Shot in the Dark and Bogus Gold have posts today about another feeding tube that’s been pulled. If that sounds familiar – please note that the woman in this case, 81-year-old Mae Magouirk, is not considered terminal, is not in a persistent vegetative state or comatose, AND has a living will that says she does not want to be starved and dehydrated if she is not in such a condition.
85 year-old Mae Magourik (note: I’ve confirmed through other sources that the correct spelling of the last name is Magouirk. NW) of LaGrange, Georgia, is currently being deprived of nutrition and hydration at the request of her granddaughter, Beth Gaddy. Mrs. Margourik suffered an aortic dissection 2 weeks ago and was hospitalized. Though her doctors have said that she is not terminally ill, Ms. Gaddy declared that she held medical power of attorney for Mae, and had her transferred to the LaGrange Hospice. Later investigation revealed that Ms. Gaddy did not in fact have such power of attorney. Furthermore, Mae’s Living Will provides that nutrition and hydration are to be withheld only if she is comatose or vegetative. Mae is in neither condition. Neither is her condition terminal.
Furthermore, under Georgia law, if there is no power of attorney specifying a health care decisionmaker, such authority is given to the closest living relatives. Mae’s brother, A. B. McLeod, and sister, Lonnie Ruth Mullinax, are both still alive and capable of making such decisions. They opposed Mae’s transfer to hospice, and are fighting to save her life. But in spite of the lack of a power of attorney, and the fact that there are closer living relatives who should be given precedence by Georgia law, Ms. Gaddy sought an emergency appointment as guardian from the local probate court. The probate judge, Donald Boyd (who, I am told, is not an attorney and does not have a law degree), granted Gaddy’s request, thereby giving her the power to starve and dehydrate Margourik to death, though such an action is contrary to the provisions of the living will.
By the way, the thought crossed my mind that this might be a kind of urban legend “leaked” to get the blogosphere stoked in an effort to discredit blogging. I checked back through the many threads in different blogs on this story and found most of it was one blog repeating what another blog said (like what I did with Shot in the Dark and Bogus Gold). Since the case takes place in Georgia, I looked up the Atlanta Journal-Constitution and didn’t find any mention of the story. The April 8 issue of the LaGrange News – the local newspaper in the city where Mae Magouirk’s hospice is located – does feature the following (read the entire story):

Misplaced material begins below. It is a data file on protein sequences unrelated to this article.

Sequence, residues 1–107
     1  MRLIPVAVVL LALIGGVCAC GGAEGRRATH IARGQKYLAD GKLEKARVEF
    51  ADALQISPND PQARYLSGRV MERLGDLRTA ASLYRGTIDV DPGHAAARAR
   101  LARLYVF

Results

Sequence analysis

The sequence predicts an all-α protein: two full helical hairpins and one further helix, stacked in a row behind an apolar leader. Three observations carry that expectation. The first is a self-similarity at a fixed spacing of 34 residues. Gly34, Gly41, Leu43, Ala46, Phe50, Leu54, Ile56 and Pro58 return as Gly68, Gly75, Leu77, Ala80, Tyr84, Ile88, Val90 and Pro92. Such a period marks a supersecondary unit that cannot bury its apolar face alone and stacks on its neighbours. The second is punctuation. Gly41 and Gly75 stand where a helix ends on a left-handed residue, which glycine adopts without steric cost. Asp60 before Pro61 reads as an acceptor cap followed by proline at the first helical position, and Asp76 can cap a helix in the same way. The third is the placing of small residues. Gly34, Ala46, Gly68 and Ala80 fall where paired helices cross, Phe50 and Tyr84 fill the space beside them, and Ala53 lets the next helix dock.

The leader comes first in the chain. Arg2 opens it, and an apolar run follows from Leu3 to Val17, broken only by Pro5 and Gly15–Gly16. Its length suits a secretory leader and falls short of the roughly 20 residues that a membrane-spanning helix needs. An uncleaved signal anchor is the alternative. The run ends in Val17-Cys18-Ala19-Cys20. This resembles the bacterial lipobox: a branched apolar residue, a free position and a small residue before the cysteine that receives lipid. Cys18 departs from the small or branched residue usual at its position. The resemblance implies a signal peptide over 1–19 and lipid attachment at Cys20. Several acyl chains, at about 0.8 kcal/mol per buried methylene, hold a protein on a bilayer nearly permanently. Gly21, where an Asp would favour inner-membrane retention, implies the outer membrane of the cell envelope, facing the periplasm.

Woman, 81, at center of feeding tube feud
Kenneth Mullinax, the patient’s nephew in Birmingham, Ala., said a hospice nurse told him that Magouirk had not received substantial nourishment since March 28. He wants a temporary feeding tube inserted until she can be evaluated for treatment at the University of Alabama Medical Center. A living will states that nourishment should be withheld only if she were in a coma or vegetative state with no hope of recovery.
Mullinax and the patient’s brother and sister – Lonnie Ruth Mullinax of Birmingham and A.B. McLeod of Anniston, Ala. – came here last Friday to arrange for a feeding tube and take her to the Birmingham hospital. That same day Gaddy received emergency guardianship in Troup County Probate Court.
At a follow-up hearing Monday, the parties reached a settlement that awarded guardianship to Gaddy provided three cardiologists – James Brennan and Thomas Gore, both of LaGrange, and Raed Aquel of Birmingham – evaluate the patient, who would receive whatever treatment two of the three recommended. A final decision had not yet been reached.
“They were all hugging necks when they left court,” said Probate Judge Donald Boyd. “I don’t know what happened.”
Boyd said Gaddy testified at the hearing that she feeds her grandmother Jello, chips of ice and “anything else she’d be willing to eat”
“I think all of Mrs. Magouirk’s family has her genuine best interests at heart, but unfortunately they disagree on what they believe would be best for her,” said Jack Kirby of LaGrange, attorney for the patient’s brother and sister.
“She (Gaddy) said, ‘I think it’s time she (her grandmother) goes home to Jesus, that’s she’s too sick and would not have a good quality of life,” Kenneth Mullinax said.